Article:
hist-brewing: Medieval brewing assistance needed!

Wade Hutchison whutchis at bucknell.edu
Tue Dec 7 10:19:13 PST 1999


Poor form to reply to my own post, but this sentence is not
as clear as I would like it to be.

At 10:16 AM 12/7/1999 , you wrote:
>The final evidence, as presented in the "Ale, Beer
>and Brewsters" book, is the economics of brewing as enforced by the
>Assize of Ale do not allow any profit if firewood is purchased to boil
>the ale post-mash.

To expand, the Assize of Ale, and it's cousin the Assize of Bread were
English laws that governed the prices for wheat, barley, oats, ale and
bread.  What you have is a system that set the prices for both the raw
materials of brewing, and the final product (the ale).  Given the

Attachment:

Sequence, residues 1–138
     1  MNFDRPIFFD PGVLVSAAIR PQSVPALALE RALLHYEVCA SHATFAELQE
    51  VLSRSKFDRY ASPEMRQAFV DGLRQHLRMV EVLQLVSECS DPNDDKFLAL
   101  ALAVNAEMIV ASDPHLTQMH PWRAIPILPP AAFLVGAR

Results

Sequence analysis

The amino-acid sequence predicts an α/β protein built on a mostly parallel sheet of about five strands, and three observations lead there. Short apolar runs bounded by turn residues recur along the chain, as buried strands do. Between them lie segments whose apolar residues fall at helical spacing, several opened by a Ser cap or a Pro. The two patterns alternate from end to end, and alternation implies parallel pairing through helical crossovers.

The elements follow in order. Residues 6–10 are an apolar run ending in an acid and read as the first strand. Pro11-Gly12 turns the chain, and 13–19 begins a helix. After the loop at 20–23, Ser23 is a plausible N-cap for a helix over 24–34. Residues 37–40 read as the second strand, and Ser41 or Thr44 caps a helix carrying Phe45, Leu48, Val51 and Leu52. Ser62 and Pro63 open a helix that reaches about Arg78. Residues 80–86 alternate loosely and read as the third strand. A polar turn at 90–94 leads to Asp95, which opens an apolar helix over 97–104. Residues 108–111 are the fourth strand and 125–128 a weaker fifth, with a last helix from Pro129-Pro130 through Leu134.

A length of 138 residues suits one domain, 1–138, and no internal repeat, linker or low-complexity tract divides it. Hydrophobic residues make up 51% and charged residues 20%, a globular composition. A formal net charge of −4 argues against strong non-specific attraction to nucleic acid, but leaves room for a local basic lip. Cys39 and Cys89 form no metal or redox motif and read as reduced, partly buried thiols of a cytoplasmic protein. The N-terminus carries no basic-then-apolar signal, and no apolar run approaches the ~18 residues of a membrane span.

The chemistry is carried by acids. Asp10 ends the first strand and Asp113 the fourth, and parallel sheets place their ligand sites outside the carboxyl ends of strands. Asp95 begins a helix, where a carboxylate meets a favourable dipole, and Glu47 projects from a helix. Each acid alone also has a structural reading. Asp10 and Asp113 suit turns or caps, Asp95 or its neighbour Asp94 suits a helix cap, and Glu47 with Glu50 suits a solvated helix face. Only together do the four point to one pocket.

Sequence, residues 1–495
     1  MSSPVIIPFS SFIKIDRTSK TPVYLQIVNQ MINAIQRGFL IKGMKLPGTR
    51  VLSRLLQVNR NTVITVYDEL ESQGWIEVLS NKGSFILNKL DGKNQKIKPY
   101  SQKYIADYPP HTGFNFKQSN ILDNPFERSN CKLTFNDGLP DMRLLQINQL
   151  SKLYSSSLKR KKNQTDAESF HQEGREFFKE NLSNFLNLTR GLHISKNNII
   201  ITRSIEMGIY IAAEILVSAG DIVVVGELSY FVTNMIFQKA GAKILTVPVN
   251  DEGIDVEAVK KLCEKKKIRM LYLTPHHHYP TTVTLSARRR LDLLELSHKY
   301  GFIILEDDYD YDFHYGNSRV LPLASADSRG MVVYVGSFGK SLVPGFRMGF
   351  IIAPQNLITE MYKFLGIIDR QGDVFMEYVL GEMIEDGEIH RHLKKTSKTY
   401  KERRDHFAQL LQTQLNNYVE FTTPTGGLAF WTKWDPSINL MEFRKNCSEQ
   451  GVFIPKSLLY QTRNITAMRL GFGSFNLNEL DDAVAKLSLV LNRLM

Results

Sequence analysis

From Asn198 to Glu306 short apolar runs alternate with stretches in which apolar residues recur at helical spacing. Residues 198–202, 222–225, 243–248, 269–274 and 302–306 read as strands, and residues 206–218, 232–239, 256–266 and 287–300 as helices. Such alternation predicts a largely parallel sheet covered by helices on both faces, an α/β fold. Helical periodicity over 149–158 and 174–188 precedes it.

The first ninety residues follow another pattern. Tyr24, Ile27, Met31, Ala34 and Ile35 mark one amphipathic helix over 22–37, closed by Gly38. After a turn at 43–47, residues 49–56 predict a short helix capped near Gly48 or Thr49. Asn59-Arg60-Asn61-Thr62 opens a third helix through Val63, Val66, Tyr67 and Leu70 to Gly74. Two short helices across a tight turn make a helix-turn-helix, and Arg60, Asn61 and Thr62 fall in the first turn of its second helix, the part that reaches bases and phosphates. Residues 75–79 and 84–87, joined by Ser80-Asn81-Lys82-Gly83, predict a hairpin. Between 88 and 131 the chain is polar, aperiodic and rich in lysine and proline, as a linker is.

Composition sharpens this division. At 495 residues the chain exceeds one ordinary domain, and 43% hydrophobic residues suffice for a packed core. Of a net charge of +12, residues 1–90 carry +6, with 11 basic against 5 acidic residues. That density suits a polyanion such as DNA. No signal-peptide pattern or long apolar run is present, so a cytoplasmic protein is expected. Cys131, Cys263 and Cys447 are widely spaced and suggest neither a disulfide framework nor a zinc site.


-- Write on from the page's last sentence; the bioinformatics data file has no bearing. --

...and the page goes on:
typical numbers and the amounts that were recorded for brewing (all
from Judith Bennett's book "Ale, Beer and Brewsters"), and accounting
for the cost of firewood to heat the mash water, the profits come out
to a couple of pennies a gallon, which is in line with some other
evidence that is presented in the book.  If you try to account for the
cost of fuel to boil the wort, you erase the profit, and then some, making
brewing a money-losing endeavor, which we know it was not.
Hope this is clearer.
         -----Wade Hutchison
	

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